The more difficult story, and one I will post on either later tonight or tomorrow, is about why McCain does so much better with "likely voters" than registered voters. Keep in mind that the ABC News/Washington Post survey conducted earlier this month showed a very similar effect. The editors at both organizations, who emphasized the registered voter numbers appear to agree with what Gallup's Frank Newport told Jill Lawrence of USA Today: "'[R]egistered voters are much more important at the moment,' because Election Day is still 100 days away."


Pete Kent:

Obama’s Overshot Trajectory

It cannot be denied that Barack Obama had a very successful trip abroad last week. More than anything he appeared Presidential and was able to more than hold his own on the world stage. This will go a long way towards allaying fears that his lack experience will make him a risky choice. More than ever before there is plausibility to his candidacy.

The polls will be watched closed this coming week to see what kind of permanent bounce Obama got from his trip. Already we see the beginnings of a decline in the Rasmussen Tracker, but still, I think we will see those “riskiness” numbers shown in the Fox news poll decline and there may even be a boost in his Commander in Chief numbers.

The overblown speech in Germany may have thrilled Obama’s base with his sensitivity to foreign aspirations and desires, but I doubt if it did much to convince those skeptical voters that he has been trying unsuccessfully to woo since the PA primary that he speaks to their more parochial concerns.

Obama faces challenges. And McCain must now work hard to not only highlight his policy distinctions with Obama, but to provide an independent rationale for his candidacy. It may not be enough to simply be Obama’s opposition.

The putative success of the Rainbow Tour notwithstanding, including the Maliki pronouncement on timetables for withdrawal, Obama still must explain his failed judgment on the Surge and overcome criticism that his position on the war was wrong and would have lead to disastrous conditions that would have permitted withdrawal only under the condition of defeat and dishonor for the US troops. He has not made that case, and it remains to be seen whether the people will excuse this latest error in judgment and instead credit him for supposedly being right on the war in the first place, although his opinion was of no political consequence given that he was a member of the Illinois State Senate at the time.

McCain can justly and proudly claim that it was his policy that has lead to the apparent victory in Iraq and Obama was merely a bystander and, worse and obstructionist, and without the Surge we could not even be discussing the kind of troop reductions we are discussing now.

More than talking about the past - -which we can call a draw -- McCain and Obama need to engage on the future of Iraq. America fought two world wars in the last century, its might and resolve winning them both, at times when all seemed lost. After the first, Woodrow Wilson decided enough was enough and took our troops and our diplomatic presence home, leaving the Europeans to their own devices. This seems to be the Obama model for Iraq.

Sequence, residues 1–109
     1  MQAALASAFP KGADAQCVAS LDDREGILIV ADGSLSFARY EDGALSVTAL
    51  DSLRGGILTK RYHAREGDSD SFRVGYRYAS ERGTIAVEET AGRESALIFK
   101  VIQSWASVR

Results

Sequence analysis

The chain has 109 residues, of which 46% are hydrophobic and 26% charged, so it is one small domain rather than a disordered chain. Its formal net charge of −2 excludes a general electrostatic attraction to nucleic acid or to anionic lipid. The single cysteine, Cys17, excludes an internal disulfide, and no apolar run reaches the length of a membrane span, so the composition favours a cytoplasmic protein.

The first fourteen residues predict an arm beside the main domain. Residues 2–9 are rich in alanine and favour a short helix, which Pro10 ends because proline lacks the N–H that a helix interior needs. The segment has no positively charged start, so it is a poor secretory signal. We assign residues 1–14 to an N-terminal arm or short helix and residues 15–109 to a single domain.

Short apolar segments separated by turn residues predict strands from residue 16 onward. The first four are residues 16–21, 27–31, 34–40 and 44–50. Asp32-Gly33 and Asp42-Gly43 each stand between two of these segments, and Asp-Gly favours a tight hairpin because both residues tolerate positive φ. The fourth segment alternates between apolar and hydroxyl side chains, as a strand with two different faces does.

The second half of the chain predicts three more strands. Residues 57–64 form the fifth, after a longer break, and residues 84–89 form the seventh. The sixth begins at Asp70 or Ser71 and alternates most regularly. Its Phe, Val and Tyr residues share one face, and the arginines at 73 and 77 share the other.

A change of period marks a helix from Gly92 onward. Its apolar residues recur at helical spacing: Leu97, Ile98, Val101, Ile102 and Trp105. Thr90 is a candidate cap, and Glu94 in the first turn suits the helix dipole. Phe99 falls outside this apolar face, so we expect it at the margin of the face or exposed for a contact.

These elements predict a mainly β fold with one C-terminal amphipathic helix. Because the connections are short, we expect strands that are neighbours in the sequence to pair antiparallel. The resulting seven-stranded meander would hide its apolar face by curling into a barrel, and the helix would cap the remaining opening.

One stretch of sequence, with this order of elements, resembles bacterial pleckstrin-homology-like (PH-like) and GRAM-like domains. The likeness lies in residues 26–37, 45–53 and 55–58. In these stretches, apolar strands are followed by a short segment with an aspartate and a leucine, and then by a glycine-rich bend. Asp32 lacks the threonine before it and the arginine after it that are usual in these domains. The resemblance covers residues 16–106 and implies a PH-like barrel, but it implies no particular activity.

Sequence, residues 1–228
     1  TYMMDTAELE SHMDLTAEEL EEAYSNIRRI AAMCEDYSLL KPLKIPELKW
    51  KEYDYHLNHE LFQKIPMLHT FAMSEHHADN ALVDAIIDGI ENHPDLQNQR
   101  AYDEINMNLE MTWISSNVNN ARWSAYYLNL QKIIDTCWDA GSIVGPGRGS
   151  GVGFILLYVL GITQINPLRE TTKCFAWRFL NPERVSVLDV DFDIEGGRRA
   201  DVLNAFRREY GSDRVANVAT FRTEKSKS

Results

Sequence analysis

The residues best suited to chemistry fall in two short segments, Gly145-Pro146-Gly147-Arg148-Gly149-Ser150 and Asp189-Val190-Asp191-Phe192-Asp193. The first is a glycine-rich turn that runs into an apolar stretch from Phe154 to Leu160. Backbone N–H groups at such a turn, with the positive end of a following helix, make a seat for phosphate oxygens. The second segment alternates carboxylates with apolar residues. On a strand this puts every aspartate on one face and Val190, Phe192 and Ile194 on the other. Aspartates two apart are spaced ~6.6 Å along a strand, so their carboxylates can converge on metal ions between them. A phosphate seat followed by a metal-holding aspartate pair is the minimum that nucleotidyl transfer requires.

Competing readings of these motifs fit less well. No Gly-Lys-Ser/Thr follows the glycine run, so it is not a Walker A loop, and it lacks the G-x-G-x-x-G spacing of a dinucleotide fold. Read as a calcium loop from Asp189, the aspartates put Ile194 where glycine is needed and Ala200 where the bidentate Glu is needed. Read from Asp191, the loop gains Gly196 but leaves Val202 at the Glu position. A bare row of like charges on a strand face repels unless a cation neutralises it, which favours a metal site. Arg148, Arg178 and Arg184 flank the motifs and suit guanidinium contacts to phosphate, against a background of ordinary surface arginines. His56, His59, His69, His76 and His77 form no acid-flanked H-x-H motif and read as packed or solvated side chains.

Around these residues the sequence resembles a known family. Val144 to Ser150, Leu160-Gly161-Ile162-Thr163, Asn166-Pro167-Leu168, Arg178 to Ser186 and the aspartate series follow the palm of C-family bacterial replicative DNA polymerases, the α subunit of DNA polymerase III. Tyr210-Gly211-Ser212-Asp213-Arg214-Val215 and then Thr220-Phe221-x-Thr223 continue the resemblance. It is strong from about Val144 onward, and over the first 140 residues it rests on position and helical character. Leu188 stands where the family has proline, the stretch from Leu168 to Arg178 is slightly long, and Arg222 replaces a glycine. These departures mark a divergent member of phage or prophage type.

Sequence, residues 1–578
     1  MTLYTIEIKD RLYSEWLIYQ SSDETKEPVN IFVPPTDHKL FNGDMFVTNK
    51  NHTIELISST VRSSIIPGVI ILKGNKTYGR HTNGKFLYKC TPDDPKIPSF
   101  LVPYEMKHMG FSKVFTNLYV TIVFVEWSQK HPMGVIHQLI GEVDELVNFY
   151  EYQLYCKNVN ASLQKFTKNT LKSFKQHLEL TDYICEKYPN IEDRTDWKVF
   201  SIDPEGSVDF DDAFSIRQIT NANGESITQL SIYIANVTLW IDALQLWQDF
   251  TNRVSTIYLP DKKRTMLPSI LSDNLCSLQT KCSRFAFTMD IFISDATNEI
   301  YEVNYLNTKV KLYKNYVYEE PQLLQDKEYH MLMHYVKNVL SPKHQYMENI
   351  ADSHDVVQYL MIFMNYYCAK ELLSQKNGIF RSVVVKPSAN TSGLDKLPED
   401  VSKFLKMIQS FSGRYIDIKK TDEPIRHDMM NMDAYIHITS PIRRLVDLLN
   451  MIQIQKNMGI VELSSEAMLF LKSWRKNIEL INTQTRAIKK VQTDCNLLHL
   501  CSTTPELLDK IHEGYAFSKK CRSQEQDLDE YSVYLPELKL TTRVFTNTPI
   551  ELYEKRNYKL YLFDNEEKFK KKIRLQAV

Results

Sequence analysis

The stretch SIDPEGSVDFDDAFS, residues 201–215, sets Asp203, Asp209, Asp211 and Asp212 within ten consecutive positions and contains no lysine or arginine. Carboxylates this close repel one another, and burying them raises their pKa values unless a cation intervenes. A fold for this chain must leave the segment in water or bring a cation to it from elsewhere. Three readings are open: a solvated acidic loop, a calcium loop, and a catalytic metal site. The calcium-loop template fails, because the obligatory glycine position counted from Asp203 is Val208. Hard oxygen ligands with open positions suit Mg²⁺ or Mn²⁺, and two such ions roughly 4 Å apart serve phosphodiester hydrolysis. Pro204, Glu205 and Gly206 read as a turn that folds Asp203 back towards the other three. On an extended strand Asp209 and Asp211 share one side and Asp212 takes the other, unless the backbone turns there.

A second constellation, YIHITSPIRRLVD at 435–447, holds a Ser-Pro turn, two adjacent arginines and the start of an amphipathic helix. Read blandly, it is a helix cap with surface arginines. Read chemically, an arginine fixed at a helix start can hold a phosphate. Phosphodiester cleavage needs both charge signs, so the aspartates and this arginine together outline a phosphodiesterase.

The results were calamitous: within 20 years Europe was plunged back into hellfire and America needed to come back and save the world again.

But the second time the postwar reaction was different: successive administrations of Democrats and Republicans made the commitment to maintain not only a troop presence but a level of engagement that preserved the peace and eventually defeated the next insidious enemy to appear on the scene: Soviet Communism. This is the lesson that Obama seems not to understand.

McCain does get it. He sees Islamic extremism as the central challenge of our time and understands the pivotal role that Iraq due to its geography and its vast oil wealth will play in this struggle. Afghanistan is important only to the extent that we are focused on punishing Al-Qaeda and its Taliban hosts for what they did to us on September 11th, but in truth, the Afghan war is the distraction from the crucial theatre that lies in the heart of the Mid-East.

That energy, especially, is what makes Iraq such a vital country is helpful to McCain making his case. The poppy fields of Afghanistan offer little competition to oil.

The argument concerning a continued American presence in Iraq needs to be made. It is a debate worth having. Maliki himself has internal disagreement within his own country about that presence. Curiously, we now find ourselves more aligned with Sadam’s former supporters among the Sunni’s and Bathists who fear the Shiite-dominated government of al-Maliki and the potential for an Iranian-Iraqi rapprochement.

Obama has clearly improved his credibility and people can now picture him as leader of the free world. This is no mean feat by someone who has come so far in so short a period of time and is a credit to both his intelligence and his sense of stagecraft.

Whether those gains will endure will depend on how the people side regarding the issues.